03 January 2010

Birding the High Andes...(Antisana, E Ecuador): December 21, 2009

For the first day of our custom tour in the east of Ecuador we visited the paramo grasslands of Antisana, birding in the shadow of the huge snow-cone of the volcano of the same name lurking impressively in the background. Bruce and Terri had both been here before with me two years before, and were just dying to return there to sample those fascinating high Andean birds and spectacular scenery all over again. During our morning there we scattered a number of cinclodes off the road, including Stout-billed Cinclodes that is pictured here (fourth photo down). Before we reached the high grass covered plateau, we stopped by some high Andean scrub where blossoms attracted a number of dazzling hummingbirds, including the awesome Sword-billed Hummingbird, the incredible Black-tailed Trainbearer, and the largest of all the hummingbirds, the well-named Giant Hummingbird.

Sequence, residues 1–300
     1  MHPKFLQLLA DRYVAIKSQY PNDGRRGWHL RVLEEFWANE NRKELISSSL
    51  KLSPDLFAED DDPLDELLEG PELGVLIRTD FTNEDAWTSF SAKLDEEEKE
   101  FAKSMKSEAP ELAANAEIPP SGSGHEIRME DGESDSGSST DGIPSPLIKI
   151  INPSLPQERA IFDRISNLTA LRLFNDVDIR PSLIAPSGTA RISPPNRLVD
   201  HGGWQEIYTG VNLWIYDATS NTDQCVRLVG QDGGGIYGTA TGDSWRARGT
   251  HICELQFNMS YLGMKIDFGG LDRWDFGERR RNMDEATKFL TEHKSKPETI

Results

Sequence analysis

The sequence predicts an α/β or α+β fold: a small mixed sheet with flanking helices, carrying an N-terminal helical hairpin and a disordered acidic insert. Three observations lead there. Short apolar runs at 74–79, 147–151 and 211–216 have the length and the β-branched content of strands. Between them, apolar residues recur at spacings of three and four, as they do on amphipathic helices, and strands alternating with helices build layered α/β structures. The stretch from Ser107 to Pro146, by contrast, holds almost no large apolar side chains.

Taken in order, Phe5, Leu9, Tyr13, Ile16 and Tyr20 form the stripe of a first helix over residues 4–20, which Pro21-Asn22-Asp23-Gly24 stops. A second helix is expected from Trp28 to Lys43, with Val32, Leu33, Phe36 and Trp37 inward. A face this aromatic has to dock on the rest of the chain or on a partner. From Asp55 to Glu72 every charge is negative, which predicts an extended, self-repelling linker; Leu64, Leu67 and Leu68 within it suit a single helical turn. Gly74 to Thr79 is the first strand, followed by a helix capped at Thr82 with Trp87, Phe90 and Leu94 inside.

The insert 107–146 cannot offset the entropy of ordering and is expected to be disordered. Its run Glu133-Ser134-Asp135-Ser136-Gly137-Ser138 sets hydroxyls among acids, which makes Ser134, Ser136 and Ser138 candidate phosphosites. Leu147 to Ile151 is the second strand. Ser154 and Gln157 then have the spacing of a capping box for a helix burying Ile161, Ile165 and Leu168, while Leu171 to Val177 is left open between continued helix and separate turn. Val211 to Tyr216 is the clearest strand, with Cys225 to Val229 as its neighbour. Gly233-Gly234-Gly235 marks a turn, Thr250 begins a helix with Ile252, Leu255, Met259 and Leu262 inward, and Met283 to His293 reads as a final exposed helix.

Up on the high plateau, black shapes patrolled the "plains", as well over a hundred
Carunculated Caracaras were seen searching for prey on the ground, and flapping lazily around in the skies above. This included both adults (top photo), and juveniles (second photo down). Also around in numbers were Black-faced Ibis, and I recorded the highest numbers I had ever experienced there during my four years living in Ecuador, with at least 40 different birds (see flight shot). Also up there spots of white scattered the grasslands: flocks of Andean Gulls rooting around on the plateau too. Flowering orange, thistle-like, shrubs attracted one of Ecuador's most exquiste hummingbird species, the violet-headed Ecuadorian Hillstar. A high Andean lake was spotted with waterfowl, including Andean Ducks, and Silvery Grebes. However, the big draw at Antisana is Ecuador's national bird, one of the planets giants, the Andean Condor, two of which performed aerial acrobatics overhead. Lastly, as we were leaving for our journey to San Isidro, an Andean lodge further down on the eastern side of the Andes, we were distracted by a pair of fantastic Aplomado Falcons (see last two photos). At the end of the day we checked into the scenic mountain lodge of Cabanas San Isidro, where their famous "Mystery Owl" (see earlier post on this for info and photos in September), an as yet undetermined species of cicaba owl, stood sentry by our cabins after dinner.

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